Deftones may very well be one of the most consistent and dependable bands of the past 20 years. Each new release sees the band further their musical scope while still retaining that immediately identifiable sound. I personally got hooked into the band with White Pony, specifically the songs “Passenger” and “Digital Bath” (god, I love that song). Since then, I’ve been an excited fan, always eager to hear new material. And now, on Tuesday, their latest effort, Koi No Yokan, the follow up to 2010’s Diamond Eyes will come out. But how does it measure up? Find out below.
Opening with “Swerve City”, the album immediately dives into a vicious rhythmic guitar crunch that is accented by the sharp snare tone. The verse then mixes in melody, the bass guitar taking the lead while the guitars open up with bright chords. Chino’s vocals croon in the verse before soaring sky high in the chorus. The bridge then adds a strange sinister quality, with downward chromatic runs before entering a guitar solo that can only be described as crystalline. It’s a song that encompasses everything the album holds in store, from aggressive rockers to ballad-esque beauties to eerie spinetinglers.
Two of my personal favorites are “Leathers” and “Tempest”, the former beginning with a clean delayed guitar and atmospheric singing drones. Suddenly, without warning, it violently bursts into the verse, Chino nearly howling his lyrics. The chorus is desperate, a plea begging for honesty. The latter song is the albums second longest song, allowing it to build and grow, wrapping itself around you, alternating between crushing you and giving you the opportunity to gasp for air, eyes wide open.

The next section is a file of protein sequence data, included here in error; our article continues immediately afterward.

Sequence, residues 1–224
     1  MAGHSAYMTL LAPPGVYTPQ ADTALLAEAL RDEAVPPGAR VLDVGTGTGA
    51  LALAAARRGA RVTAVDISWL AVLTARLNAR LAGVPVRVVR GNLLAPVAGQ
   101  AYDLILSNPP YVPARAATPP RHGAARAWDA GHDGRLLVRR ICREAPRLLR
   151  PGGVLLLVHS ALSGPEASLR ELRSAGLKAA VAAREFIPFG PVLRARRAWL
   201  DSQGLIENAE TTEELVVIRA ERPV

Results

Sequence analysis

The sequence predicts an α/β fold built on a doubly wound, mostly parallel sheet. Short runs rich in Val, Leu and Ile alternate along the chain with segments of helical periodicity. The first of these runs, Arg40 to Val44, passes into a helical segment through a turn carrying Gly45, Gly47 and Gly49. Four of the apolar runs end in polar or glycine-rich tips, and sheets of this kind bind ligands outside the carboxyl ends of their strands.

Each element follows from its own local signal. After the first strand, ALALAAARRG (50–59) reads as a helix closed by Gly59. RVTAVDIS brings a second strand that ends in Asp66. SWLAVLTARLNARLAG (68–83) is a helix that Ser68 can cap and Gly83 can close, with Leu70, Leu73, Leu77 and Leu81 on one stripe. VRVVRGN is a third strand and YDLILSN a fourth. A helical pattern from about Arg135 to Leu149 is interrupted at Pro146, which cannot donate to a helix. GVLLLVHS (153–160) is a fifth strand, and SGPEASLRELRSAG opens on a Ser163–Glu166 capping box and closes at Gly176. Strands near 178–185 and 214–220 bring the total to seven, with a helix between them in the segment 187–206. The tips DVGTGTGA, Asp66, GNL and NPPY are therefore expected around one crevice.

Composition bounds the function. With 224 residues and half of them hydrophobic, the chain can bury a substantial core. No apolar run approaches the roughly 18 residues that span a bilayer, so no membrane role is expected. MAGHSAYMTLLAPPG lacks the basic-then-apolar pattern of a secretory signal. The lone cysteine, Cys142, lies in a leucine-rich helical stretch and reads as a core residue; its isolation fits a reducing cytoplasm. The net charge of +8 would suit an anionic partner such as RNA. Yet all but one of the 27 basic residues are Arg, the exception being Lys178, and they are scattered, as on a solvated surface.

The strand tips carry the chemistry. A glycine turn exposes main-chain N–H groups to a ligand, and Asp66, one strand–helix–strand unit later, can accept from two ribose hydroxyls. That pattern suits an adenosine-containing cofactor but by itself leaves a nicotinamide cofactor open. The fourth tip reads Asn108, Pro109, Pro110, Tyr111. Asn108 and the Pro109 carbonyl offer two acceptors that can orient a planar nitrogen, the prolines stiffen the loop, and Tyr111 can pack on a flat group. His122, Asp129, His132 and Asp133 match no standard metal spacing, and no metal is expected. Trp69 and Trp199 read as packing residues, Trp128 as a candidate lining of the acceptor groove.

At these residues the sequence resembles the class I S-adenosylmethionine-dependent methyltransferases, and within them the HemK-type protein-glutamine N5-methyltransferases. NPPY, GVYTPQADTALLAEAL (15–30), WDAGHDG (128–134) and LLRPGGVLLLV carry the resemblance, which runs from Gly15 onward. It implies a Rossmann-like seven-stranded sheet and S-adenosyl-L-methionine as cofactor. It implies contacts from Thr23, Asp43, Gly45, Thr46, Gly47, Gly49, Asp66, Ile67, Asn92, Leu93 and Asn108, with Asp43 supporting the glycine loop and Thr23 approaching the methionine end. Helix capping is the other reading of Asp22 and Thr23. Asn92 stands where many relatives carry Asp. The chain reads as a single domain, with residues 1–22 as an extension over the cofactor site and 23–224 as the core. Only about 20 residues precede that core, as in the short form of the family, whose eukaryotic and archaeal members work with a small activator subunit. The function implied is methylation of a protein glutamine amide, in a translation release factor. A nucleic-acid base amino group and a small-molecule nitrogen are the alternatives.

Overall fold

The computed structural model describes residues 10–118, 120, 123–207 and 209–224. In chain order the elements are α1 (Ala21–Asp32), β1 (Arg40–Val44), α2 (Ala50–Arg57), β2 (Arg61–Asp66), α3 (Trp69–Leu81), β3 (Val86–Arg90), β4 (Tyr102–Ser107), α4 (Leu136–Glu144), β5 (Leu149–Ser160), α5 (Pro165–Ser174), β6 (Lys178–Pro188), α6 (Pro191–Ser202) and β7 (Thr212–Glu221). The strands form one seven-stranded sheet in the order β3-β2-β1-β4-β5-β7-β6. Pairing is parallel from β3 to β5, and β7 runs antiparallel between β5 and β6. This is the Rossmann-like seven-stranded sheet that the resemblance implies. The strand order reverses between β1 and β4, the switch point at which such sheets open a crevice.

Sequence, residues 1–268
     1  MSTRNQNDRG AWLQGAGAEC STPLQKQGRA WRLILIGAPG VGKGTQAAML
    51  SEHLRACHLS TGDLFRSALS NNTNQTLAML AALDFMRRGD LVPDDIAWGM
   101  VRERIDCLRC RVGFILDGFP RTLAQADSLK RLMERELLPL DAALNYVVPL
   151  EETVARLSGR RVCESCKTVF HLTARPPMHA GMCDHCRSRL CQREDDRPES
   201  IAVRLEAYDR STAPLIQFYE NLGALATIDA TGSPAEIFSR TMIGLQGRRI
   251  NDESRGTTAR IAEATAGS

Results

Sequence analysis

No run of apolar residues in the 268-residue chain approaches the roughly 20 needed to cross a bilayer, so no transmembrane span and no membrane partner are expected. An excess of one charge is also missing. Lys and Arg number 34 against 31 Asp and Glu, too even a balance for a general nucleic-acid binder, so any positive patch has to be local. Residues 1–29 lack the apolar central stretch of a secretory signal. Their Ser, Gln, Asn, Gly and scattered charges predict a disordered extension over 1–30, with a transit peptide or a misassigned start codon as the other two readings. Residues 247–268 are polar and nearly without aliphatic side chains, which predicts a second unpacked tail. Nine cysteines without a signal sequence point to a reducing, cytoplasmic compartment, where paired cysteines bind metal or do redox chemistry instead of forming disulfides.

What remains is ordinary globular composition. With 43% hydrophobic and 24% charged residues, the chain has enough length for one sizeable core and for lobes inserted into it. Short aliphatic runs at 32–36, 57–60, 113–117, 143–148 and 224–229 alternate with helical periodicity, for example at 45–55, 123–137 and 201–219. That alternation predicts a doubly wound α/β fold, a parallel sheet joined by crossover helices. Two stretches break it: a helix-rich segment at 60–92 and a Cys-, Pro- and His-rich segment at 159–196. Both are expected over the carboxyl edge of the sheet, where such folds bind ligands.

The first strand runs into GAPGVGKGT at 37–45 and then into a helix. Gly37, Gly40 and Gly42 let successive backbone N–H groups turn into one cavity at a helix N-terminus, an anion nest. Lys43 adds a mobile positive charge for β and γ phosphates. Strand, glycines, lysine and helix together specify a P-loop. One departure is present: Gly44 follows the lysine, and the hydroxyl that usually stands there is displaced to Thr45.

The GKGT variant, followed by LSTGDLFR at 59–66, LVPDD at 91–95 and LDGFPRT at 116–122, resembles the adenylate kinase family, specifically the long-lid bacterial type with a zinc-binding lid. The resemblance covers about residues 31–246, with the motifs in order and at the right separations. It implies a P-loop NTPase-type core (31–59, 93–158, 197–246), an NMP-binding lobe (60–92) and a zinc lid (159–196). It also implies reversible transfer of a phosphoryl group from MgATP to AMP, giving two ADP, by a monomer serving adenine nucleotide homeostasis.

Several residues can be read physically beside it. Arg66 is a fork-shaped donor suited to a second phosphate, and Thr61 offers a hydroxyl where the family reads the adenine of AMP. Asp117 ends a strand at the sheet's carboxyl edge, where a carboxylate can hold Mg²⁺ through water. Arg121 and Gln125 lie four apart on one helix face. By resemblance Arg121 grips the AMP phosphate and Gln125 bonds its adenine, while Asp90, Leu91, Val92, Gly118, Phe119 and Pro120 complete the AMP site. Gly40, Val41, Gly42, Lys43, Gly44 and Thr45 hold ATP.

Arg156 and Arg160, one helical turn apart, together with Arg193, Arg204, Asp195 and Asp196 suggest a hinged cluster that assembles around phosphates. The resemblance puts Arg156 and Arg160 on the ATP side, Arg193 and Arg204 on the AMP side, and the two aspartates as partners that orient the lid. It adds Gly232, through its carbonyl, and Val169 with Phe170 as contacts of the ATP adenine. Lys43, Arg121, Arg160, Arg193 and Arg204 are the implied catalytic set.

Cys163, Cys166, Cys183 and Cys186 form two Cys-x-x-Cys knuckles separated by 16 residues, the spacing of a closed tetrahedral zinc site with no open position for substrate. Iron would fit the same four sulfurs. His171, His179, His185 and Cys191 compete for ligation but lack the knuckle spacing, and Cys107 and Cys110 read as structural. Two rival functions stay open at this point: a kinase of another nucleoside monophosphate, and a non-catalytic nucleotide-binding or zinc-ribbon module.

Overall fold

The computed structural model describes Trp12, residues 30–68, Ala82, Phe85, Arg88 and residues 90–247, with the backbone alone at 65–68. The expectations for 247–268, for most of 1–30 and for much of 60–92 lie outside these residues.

“Entombed” is a soft, dreamlike track where the choruses, even with distortion, manage to sound peaceful and tranquil. Meanwhile, “Gauze”, while having a beautiful chorus, has a unsettling verse and there are times when a shrieking, pulsating tone creeps in from the background and, before you realize it, overpowers the track. It’s slightly terrifying and unnerving.
“Rosemary”, which takes the crown for longest track on the album, clocking in at nearly 7 minutes, shifts from one style to another yet consistently maintains the same tone and feel. It ends with a beautiful airy etude.
From a production standpoint, this album is incredibly dense, with what seems like nearly limitless sounds to enjoy and appreciate. Wonderfully mixed, fans can feel safe knowing that the signature Deftones sound has not only been preserved but also amplified and perfected.
The Final Word: Like any good Deftones album, there are heavy hitters and softer, almost ballad-esque tracks. But this isn’t a good album. It’s a fantastic one. Deftones have taken the next step with Koi No Yokan and created something that will last through the ages.
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